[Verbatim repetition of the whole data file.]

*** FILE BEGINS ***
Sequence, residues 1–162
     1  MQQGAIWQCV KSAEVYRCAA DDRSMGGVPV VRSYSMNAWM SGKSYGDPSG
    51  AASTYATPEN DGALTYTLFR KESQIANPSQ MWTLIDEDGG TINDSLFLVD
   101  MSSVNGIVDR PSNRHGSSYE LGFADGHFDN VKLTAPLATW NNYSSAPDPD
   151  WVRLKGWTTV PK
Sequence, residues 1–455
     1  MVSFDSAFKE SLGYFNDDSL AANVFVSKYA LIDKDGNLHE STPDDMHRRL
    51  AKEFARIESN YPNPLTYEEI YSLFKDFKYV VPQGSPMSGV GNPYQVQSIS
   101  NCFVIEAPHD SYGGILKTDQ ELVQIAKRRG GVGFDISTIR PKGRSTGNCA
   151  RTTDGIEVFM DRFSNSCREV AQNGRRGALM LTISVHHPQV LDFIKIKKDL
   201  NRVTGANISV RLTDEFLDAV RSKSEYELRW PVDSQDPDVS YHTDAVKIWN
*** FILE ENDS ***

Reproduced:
Sequence, residues 1–162
     1  MQQGAIWQCV KSAEVYRCAA DDRSMGGVPV VRSYSMNAWM SGKSYGDPSG
    51  AASTYATPEN DGALTYTLFR KESQIANPSQ MWTLIDEDGG TINDSLFLVD
   101  MSSVNGIVDR PSNRHGSSYE LGFADGHFDN VKLTAPLATW NNYSSAPDPD
   151  WVRLKGWTTV PK
Sequence, residues 1–455
     1  MVSFDSAFKE SLGYFNDDSL AANVFVSKYA LIDKDGNLHE STPDDMHRRL
    51  AKEFARIESN YPNPLTYEEI YSLFKDFKYV VPQGSPMSGV GNPYQVQSIS
   101  NCFVIEAPHD SYGGILKTDQ ELVQIAKRRG GVGFDISTIR PKGRSTGNCA
   151  RTTDGIEVFM DRFSNSCREV AQNGRRGALM LTISVHHPQV LDFIKIKKDL
   201  NRVTGANISV RLTDEFLDAV RSKSEYELRW PVDSQDPDVS YHTDAVKIWN